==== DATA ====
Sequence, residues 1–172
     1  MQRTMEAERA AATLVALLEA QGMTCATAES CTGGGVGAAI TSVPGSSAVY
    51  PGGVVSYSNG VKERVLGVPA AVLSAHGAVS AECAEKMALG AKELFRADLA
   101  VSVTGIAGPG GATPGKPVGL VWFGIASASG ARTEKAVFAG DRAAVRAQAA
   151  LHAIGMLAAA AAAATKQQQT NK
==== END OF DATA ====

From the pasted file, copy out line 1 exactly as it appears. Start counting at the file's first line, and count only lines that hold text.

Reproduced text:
Sequence, residues 1–172